Boeing chief executive Dave Calhoun has defended his record at the biggest US aerospace company, insisting he has focused more on engineering and that the indebted group could launch a new plane without having to raise funds from shareholders.
Calhoun said the company has made significant progress since he took office two and a half years ago, when Boeing was reeling from the grounding of its 737 Max following two crashes.
“We all have to put two and a half years into perspective, and what we’ve done as a leadership team to get ahead of each of our big issues and no, they’re not complete,” Calhoun said in an interview.
But a series of production delays and challenges have sent shares of Boeing down 30% this year, compared to an 11% decline in those of rival Airbus.
Deliveries of its widebody 787 Dreamliner remain on hold amid quality control issues while US Federal Aviation Administration (FAA) approval of its 737 Max 10 jet raises questions. Stabilizing the production of the 737 Max jet is another major challenge.
Still, speaking to the Financial Times in London on the eve of the biennial Farnborough Air Show, Calhoun, 65, struck an optimistic tone about Boeing’s prospects.
Reflecting on his tenure since taking office in January 2020, Calhoun said, “I’m feeling pretty good right now.”
“The most difficult of our crises is to be managed effectively. It’s not done and it’s the Max. But we are still putting aircraft back into service for our customers. »
Airline demand for new planes, he added, has rebounded sharply following a pandemic that has plunged the aviation industry into its biggest crisis in decades. “We’re in full on-demand recovery mode,” he said.
Calhoun was “comfortable” that regulatory approvals to allow 787 deliveries to resume would occur, but declined to offer a specific timeline. For the 737 Max, the company focused on being able to reliably produce 31 planes per month.
Delays in the delivery of the 737 Max have drawn direct criticism of Boeing’s leadership from some of its biggest customers, including Michael O’Leary, chief executive of low-cost carrier Ryanair.
Calhoun said he takes O’Leary’s comments “very seriously, because if we deliver a new plane even one day late, it affects his business.” He stressed, however, that his team is focused on a consistent production pace, adding, “My team struggles with this every day. I love them and I know we will get there.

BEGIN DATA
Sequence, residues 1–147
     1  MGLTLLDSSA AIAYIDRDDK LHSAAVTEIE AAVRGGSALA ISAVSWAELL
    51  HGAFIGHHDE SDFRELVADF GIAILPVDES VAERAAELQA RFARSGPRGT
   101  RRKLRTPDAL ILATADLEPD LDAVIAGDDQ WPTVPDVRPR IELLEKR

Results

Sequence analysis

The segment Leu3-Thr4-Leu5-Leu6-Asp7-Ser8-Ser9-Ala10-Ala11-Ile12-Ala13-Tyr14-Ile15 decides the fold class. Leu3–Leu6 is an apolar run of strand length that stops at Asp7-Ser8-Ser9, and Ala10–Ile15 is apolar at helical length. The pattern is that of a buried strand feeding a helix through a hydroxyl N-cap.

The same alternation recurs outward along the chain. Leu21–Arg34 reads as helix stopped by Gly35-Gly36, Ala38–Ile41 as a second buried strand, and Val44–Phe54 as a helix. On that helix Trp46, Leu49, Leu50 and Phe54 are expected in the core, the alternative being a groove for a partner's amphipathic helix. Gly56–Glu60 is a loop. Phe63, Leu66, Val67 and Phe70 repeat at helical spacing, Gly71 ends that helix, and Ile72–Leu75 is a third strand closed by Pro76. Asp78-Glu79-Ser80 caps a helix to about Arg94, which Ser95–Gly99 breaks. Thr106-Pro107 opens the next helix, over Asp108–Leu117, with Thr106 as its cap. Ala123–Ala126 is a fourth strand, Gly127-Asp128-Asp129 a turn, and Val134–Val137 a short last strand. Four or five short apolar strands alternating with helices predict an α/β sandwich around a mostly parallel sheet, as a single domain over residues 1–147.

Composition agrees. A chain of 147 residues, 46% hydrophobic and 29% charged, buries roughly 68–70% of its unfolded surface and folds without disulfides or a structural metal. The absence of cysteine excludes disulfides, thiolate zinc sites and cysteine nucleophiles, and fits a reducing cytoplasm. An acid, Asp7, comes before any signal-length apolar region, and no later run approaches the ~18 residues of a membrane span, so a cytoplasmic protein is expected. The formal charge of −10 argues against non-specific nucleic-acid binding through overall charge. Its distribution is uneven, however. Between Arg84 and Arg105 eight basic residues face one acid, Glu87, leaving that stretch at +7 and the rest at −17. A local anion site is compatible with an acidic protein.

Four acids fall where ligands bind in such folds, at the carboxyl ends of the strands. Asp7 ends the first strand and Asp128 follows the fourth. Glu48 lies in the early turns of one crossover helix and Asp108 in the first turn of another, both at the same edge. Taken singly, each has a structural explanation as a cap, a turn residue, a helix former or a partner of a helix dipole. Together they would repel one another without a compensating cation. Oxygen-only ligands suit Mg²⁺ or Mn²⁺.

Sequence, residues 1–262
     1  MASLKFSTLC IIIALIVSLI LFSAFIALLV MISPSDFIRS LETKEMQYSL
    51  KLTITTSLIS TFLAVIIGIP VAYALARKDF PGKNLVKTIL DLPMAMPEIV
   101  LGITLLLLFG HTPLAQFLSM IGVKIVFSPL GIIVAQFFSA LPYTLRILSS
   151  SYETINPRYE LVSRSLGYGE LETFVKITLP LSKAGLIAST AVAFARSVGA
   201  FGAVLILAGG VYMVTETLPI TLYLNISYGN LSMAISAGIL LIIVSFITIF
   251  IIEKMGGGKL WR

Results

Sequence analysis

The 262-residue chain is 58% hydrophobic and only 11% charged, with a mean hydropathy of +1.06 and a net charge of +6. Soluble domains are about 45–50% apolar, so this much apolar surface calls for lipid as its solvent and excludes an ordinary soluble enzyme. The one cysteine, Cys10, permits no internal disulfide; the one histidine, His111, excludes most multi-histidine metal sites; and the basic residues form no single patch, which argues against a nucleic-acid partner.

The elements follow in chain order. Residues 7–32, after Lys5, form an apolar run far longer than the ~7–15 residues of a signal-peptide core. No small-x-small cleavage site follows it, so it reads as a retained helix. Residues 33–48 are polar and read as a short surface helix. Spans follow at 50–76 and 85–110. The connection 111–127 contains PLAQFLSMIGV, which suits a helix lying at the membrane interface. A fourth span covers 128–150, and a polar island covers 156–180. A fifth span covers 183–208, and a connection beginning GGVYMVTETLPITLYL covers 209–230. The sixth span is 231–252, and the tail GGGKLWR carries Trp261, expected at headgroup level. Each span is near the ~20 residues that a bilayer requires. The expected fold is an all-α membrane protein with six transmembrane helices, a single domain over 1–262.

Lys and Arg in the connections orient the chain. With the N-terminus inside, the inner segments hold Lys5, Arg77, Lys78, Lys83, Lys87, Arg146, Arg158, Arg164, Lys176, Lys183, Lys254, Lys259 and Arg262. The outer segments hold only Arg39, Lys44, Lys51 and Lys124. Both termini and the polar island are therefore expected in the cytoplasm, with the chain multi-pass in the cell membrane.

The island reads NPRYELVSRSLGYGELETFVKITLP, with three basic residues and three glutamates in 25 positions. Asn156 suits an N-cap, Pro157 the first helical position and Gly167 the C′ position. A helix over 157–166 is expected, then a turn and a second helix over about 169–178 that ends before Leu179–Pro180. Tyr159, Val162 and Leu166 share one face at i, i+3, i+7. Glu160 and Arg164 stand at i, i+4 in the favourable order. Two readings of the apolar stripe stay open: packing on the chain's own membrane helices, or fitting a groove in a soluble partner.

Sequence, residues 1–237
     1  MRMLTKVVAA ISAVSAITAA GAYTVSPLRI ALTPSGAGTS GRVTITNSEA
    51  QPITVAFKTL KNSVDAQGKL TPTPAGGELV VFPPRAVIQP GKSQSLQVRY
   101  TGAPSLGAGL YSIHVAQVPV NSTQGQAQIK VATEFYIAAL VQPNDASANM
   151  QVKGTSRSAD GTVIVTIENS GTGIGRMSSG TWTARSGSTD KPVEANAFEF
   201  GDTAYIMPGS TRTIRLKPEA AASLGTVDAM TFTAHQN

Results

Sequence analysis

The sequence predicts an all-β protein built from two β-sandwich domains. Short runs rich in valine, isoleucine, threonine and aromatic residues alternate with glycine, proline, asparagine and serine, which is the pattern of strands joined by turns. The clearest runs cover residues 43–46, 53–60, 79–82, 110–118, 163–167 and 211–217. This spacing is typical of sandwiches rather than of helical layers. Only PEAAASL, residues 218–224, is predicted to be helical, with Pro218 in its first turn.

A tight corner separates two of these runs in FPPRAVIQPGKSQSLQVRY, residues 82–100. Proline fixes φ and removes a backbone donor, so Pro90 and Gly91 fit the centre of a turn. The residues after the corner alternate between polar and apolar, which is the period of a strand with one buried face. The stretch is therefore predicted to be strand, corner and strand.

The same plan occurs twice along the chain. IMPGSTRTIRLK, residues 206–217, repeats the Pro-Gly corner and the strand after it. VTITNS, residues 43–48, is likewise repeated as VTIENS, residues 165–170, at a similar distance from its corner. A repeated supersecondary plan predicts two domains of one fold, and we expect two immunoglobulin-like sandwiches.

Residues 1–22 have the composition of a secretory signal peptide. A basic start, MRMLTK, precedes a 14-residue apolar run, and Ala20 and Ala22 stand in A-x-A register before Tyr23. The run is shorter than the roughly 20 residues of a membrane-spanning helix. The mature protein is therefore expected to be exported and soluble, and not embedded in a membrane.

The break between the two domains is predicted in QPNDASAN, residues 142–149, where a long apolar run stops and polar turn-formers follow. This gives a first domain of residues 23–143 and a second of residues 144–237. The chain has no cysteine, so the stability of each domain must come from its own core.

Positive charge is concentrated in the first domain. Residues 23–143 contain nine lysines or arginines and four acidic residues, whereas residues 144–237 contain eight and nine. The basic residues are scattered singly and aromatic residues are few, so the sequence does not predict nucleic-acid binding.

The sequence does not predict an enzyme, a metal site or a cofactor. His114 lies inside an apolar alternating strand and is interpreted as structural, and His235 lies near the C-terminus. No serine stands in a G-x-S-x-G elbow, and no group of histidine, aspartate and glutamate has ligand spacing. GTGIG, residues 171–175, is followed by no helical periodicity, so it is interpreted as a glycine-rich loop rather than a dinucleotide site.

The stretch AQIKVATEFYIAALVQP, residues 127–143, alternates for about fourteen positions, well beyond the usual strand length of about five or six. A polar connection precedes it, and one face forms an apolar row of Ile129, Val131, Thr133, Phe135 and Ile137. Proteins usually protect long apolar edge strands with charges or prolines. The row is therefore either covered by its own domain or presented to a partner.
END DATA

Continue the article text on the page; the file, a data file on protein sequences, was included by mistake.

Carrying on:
Nevertheless, supply chain constraints continue to disrupt the industry. Stan Deal, who is head of commercial aircraft at Boeing, pointed to engine delays and shortages of semiconductors and other parts as a key issue.
Calhoun also sought to address concerns about the group’s engineering culture, saying he had shaken up the group’s management structures and brought people closer to operational centers.
One of his first acts when he took office was to ask Greg Hyslop, Boeing’s chief engineer, to leave his Chicago office and move to Seattle, the main aircraft manufacturing base. company business.
“I emphasize distributed management, action-oriented leadership,” Calhoun said.
Hyslop told the FT: “I don’t believe we’ve ever had a cultural problem around engineering at The Boeing Company. I believe that there were necessary changes, [to] strengthen engineering and give more independence to engineering”.
One of the strategic conundrums facing Boeing is how to bridge the gap with Airbus, which has strengthened its lead in the lucrative market for single-aisle jets that serve short- and medium-haul destinations. The European aerospace group, which has nearly a 60% market share, recently secured a $37 billion order from Chinese airlines.
“I’m at 40% [of the market]”, Calhoun said. “And if the market saw me delivering stable at 40%, they would be ecstatic. I think I’ll be better than 40% if I can get back on par in China.
Analysts have said Boeing needs to launch a new plane to take on Airbus’ best-selling A321neo, with some suggesting it will need to raise equity to do so given its $45 billion net debt. Calhoun played down that any launch was imminent, saying advances in engine technology weren’t worth it yet.
“The question of when you introduce a new commercial aircraft. . . has to do with technological maturity as far as propulsion packages are concerned. . . and if they’re going to create a big enough difference that the market will then go out and place orders and I don’t think we’re at that threshold.
When the time comes, Boeing could launch a new plane without raising new capital, according to Calhoun, because the company’s engineers are already building the digital infrastructure to enable the next plane, which will reduce development time.
“It is important that those [technologies] proven and available, the most important being the digital model, the digital twin of this development. And that is in full effect,” he said.
By the time Boeing needs to spend money, Calhoun added, “the cash numbers will be significantly different and, in my view, more than that.”
“I think it will be the ability to run a digital twin on a new commercial aircraft that will allow us to reduce development time, enhance product and plant safety, and improve bottom line results,” he said. -he declares.